TOV0 h0 sbrs always tl clr 1 TOV0 << h0 ldi TIFR h0 out then
    -- tl = 0  -- PS2 timeout
    -- tl = ff -- no PS2 timeout

    -- X = bitcount addr
    bit-count >hilo xl ldi xh ldi

    -- timeout?
    tl tst .Z if BITS-PER-PACKET h0 ldi x@ h0 st then

    -- reset timeout timer
    256 PS2-WAIT-PERIOD - h0 ldi
    TCNT0 h0 out

    -- read bit if 2 < bitcount < BITS-PER-PACKET
    x@ h0 ld 3 h0 cpi      -- C = 0 if bit-count >= 3
                           -- C = 1 if bit-count < 3
      .C not if
            BITS-PER-PACKET h0 cpi -- C = 0 if bit-count >= BITS-PER-PACKET
                                   -- C = 1 if bit-count < BITS-PER-PACKET
             .C if -- read bit. Note bit C is set now!
                PS2DATA PIND sbis clc
                byte-read tl lds tl ror byte-read tl sts
    x@ h0 ld h0 dec -- h0 = bit-count 1-
    .Z if
              -- input-write
              input-wptr tl lds tl th mov th inc input-wptr th sts  -- input-wptr++
              BUFFER-LEN 1 - tl andi                                -- mask ptr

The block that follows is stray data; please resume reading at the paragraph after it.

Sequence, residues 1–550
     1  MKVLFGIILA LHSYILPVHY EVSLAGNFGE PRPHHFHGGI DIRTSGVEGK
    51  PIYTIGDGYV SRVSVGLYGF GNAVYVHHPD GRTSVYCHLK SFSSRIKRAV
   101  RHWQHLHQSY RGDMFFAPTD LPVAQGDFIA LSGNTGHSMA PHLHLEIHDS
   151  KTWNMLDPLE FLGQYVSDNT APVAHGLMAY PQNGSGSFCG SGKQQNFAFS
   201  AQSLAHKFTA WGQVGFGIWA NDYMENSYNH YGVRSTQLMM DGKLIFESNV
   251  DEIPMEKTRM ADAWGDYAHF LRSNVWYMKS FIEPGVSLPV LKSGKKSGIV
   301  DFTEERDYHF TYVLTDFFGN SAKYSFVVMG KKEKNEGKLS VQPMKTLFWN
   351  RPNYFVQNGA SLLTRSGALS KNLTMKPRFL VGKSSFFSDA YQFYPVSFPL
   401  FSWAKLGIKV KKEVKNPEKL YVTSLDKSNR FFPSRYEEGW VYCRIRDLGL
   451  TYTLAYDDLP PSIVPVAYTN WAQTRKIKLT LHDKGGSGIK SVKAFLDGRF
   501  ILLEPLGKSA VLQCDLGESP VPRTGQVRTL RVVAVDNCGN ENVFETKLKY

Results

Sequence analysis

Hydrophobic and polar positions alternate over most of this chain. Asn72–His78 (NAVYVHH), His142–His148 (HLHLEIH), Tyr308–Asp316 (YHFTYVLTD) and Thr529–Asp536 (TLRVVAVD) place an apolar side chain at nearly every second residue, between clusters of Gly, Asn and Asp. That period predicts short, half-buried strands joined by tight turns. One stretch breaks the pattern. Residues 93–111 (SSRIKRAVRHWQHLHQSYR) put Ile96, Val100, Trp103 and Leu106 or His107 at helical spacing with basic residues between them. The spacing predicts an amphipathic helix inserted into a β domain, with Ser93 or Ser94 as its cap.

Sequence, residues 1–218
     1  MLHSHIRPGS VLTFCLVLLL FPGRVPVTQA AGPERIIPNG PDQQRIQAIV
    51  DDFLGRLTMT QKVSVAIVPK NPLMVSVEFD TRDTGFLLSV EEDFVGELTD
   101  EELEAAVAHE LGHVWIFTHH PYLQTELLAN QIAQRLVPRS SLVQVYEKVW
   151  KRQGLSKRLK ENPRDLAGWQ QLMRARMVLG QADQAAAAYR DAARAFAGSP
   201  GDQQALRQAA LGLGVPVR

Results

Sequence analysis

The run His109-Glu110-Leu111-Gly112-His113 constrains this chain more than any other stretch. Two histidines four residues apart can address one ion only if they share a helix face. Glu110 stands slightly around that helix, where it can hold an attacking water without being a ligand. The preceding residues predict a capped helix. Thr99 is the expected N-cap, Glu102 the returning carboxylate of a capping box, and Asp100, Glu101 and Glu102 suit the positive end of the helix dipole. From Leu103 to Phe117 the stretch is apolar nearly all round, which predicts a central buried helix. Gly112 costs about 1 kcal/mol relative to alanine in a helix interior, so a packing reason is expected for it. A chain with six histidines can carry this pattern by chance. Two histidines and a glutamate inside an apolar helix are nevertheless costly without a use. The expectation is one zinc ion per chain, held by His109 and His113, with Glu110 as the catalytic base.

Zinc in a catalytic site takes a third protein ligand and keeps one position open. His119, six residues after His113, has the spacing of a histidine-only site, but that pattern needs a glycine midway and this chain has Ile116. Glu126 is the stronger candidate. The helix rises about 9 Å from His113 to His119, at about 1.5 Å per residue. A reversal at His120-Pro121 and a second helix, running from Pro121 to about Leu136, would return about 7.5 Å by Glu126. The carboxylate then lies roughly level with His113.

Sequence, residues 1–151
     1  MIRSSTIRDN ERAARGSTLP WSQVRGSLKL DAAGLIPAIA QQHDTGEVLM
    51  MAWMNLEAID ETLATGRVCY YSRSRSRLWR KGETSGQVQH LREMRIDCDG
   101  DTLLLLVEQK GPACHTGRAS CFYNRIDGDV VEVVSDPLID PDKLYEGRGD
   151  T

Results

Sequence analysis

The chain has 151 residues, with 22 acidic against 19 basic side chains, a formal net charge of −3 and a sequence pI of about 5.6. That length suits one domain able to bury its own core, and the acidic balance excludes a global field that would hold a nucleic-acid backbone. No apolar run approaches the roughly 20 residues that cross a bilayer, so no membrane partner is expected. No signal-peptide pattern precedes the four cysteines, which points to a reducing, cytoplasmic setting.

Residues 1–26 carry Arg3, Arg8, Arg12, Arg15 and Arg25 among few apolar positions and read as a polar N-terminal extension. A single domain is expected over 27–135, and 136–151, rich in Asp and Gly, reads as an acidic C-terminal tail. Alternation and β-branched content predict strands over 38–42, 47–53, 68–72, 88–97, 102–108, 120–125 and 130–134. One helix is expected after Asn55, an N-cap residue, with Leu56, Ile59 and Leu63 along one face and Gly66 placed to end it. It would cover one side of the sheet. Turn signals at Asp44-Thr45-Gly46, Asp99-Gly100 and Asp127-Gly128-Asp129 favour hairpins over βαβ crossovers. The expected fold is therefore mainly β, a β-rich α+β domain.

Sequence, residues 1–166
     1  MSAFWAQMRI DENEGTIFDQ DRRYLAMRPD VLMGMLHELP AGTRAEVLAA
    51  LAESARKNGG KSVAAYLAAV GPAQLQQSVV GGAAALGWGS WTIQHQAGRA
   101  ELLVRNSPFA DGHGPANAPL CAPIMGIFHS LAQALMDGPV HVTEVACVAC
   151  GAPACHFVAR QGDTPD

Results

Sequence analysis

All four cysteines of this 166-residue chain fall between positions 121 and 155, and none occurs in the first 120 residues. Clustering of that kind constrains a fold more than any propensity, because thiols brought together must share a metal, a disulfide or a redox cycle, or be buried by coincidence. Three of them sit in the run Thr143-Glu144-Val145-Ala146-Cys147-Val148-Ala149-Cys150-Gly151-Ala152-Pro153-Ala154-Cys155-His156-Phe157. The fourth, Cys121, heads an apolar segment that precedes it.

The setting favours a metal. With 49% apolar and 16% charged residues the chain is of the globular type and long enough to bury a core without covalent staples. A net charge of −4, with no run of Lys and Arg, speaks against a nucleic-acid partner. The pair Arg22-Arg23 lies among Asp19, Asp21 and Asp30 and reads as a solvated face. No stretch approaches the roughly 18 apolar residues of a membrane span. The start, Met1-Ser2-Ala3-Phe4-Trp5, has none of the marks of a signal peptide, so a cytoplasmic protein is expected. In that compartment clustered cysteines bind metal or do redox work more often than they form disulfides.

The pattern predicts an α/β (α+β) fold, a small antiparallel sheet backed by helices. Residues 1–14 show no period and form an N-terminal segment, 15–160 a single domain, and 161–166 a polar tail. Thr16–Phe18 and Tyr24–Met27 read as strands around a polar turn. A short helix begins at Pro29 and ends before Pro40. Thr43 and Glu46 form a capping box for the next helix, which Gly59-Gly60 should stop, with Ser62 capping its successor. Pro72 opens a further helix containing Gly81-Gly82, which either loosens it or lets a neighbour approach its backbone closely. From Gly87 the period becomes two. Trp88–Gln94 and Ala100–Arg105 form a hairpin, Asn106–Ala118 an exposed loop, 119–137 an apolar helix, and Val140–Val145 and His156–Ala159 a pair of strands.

input-buffer >hilo xl ldi xh ldi
              tl xl add r0 xh adc
              byte-read tl lds x@ tl st
              BITS-PER-PACKET h0 ldi
    bit-count h0 sts

    h0 pop x popw r0 pop ret ;c

The 32-byte ring buffer is very simple: the pointers for reading and writing are increased to overflow a 16-bit word, and a mask is used for reading / writing. The word for writing to the buffer is commented out because the assembler version is used in the procedure for processing the keyboard interrupt.

 Simple ring buffer.
 Uses two free pointers, which masked during access only.
32 equ BUFFER-LEN   -- Note: need 10 bytes for PrtScreen press/release
BUFFER-LEN var input-buffer
1 var input-rptr
1 var input-wptr
: init-input-buffer 0 dup input-rptr c! input-wptr c! ;
code input-mask ( n - n) BUFFER-LEN 1- tl andi ret ;c